1911 Encyclopædia Britannica/Gourmet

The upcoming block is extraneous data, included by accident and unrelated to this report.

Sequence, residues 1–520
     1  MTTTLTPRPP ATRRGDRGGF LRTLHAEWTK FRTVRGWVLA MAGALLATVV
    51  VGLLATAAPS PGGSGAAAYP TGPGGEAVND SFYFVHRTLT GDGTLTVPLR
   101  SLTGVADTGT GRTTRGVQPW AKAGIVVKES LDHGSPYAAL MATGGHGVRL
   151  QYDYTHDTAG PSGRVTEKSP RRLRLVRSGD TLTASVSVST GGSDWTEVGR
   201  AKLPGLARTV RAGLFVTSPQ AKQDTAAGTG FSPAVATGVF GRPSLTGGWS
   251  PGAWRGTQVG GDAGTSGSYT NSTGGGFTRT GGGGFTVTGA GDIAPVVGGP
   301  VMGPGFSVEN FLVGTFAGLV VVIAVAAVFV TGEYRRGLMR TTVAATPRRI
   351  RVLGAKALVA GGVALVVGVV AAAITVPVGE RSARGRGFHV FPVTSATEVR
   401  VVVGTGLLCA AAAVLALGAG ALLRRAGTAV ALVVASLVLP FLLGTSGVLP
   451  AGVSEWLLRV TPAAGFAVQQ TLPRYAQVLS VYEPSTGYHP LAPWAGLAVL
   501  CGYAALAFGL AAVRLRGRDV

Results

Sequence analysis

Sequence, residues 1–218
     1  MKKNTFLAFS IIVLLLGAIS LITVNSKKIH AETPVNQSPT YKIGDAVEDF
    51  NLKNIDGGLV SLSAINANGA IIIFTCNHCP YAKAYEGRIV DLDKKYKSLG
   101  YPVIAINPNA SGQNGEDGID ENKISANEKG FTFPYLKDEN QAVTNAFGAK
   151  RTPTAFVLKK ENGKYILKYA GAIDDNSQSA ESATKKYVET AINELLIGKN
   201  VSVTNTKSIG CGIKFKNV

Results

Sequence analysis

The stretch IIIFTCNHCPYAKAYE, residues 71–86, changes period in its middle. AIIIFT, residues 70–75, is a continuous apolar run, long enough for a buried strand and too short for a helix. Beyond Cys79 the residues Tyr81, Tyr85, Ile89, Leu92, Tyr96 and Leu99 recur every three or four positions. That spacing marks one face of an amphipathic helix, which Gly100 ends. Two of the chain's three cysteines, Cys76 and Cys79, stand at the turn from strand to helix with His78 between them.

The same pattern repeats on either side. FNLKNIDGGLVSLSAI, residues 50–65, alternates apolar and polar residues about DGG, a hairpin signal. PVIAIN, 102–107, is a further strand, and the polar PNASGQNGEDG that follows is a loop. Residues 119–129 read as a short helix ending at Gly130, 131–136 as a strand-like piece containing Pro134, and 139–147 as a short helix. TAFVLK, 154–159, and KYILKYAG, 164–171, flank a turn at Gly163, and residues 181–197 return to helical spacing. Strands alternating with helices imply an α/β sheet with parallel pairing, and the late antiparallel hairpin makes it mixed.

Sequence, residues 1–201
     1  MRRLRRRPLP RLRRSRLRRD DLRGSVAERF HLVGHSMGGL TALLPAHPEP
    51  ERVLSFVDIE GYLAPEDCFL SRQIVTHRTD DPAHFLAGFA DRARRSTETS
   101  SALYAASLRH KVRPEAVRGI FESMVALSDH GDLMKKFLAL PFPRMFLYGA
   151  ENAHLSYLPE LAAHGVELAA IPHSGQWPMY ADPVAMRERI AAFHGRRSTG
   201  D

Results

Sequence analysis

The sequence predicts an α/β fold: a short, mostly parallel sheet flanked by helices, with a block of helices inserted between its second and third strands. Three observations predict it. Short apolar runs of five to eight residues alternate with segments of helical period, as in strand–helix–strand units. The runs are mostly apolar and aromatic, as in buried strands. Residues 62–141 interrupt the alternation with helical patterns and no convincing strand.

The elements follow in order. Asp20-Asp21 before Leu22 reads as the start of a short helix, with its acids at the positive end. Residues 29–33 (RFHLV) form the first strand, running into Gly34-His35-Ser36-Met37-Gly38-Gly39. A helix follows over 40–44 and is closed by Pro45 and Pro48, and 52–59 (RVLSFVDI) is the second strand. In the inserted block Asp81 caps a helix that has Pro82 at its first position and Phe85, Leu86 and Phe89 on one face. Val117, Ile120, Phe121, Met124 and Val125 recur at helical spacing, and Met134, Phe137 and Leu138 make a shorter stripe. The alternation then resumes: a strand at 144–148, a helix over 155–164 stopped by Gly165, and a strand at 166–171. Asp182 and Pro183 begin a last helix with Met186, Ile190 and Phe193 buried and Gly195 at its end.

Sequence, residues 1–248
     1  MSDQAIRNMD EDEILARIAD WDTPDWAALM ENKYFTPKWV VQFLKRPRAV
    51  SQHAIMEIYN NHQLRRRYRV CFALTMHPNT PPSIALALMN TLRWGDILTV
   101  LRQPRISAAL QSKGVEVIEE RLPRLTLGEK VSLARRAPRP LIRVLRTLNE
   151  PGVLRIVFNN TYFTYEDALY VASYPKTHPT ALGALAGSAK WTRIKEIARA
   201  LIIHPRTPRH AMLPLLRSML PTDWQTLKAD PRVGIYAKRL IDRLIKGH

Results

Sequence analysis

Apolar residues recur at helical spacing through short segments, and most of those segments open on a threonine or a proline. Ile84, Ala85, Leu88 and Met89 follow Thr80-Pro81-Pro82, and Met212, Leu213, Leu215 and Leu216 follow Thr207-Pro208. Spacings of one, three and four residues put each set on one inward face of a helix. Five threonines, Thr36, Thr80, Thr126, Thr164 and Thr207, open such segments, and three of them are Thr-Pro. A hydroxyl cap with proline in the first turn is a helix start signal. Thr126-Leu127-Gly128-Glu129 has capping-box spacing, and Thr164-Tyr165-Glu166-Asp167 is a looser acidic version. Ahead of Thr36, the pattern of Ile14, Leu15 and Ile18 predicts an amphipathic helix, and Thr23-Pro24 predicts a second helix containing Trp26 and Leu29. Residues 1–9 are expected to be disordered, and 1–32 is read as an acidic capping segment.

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GOURMET, a French term for one who takes a refined and critical, or even merely theoretical pleasure in good cooking and the delights of the table. The word has not the disparaging sense attached to the Fr. gourmand, to whom the practical pleasure of good eating is the chief end. The O. Fr. grommet or gromet meant a servant, or shop-boy, especially one employed in a wine-seller's shop, hence an expert taster of wines, from which the modern usage has developed. The etymology of gourmet is obscure; it may be ultimately connected with the English "groom" (q.v.). The origin of gourmand is unknown. In English, in the form "grummet," the word was early applied to a cabin or ship's boy. Ships of the Cinque Ports were obliged to carry one "grummet"; thus in a charter of 1229 (quoted in the New English Dictionary) it is laid down servitia inde debita Domino Regi, xxi. naves, et in qualibet nave xxi. homines, cum uno gartione qui dicitur gromet.